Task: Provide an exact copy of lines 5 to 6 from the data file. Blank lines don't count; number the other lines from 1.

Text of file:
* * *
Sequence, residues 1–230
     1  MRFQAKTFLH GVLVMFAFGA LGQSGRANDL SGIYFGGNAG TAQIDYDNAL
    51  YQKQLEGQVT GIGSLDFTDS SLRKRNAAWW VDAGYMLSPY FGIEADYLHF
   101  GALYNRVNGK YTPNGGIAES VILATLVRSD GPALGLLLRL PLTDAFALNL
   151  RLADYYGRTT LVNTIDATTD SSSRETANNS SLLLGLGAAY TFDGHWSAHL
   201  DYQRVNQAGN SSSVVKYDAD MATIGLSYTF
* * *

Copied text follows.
   151  RLADYYGRTT LVNTIDATTD SSSRETANNS SLLLGLGAAY TFDGHWSAHL
   201  DYQRVNQAGN SSSVVKYDAD MATIGLSYTF